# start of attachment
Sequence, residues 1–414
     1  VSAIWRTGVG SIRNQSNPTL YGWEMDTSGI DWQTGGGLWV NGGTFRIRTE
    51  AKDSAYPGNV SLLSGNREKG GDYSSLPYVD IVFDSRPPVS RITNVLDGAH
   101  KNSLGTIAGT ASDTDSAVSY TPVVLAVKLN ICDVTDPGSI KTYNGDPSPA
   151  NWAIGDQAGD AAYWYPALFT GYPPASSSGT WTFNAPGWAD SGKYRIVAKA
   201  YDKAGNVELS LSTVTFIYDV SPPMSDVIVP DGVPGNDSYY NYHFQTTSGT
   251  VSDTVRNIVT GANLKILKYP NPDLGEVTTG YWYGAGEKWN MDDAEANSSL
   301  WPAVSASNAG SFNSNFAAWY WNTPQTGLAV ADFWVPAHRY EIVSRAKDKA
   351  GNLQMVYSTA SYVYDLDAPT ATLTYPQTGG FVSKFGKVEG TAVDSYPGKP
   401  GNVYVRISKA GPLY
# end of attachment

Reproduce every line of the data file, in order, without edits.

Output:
Sequence, residues 1–414
     1  VSAIWRTGVG SIRNQSNPTL YGWEMDTSGI DWQTGGGLWV NGGTFRIRTE
    51  AKDSAYPGNV SLLSGNREKG GDYSSLPYVD IVFDSRPPVS RITNVLDGAH
   101  KNSLGTIAGT ASDTDSAVSY TPVVLAVKLN ICDVTDPGSI KTYNGDPSPA
   151  NWAIGDQAGD AAYWYPALFT GYPPASSSGT WTFNAPGWAD SGKYRIVAKA
   201  YDKAGNVELS LSTVTFIYDV SPPMSDVIVP DGVPGNDSYY NYHFQTTSGT
   251  VSDTVRNIVT GANLKILKYP NPDLGEVTTG YWYGAGEKWN MDDAEANSSL
   301  WPAVSASNAG SFNSNFAAWY WNTPQTGLAV ADFWVPAHRY EIVSRAKDKA
   351  GNLQMVYSTA SYVYDLDAPT ATLTYPQTGG FVSKFGKVEG TAVDSYPGKP
   401  GNVYVRISKA GPLY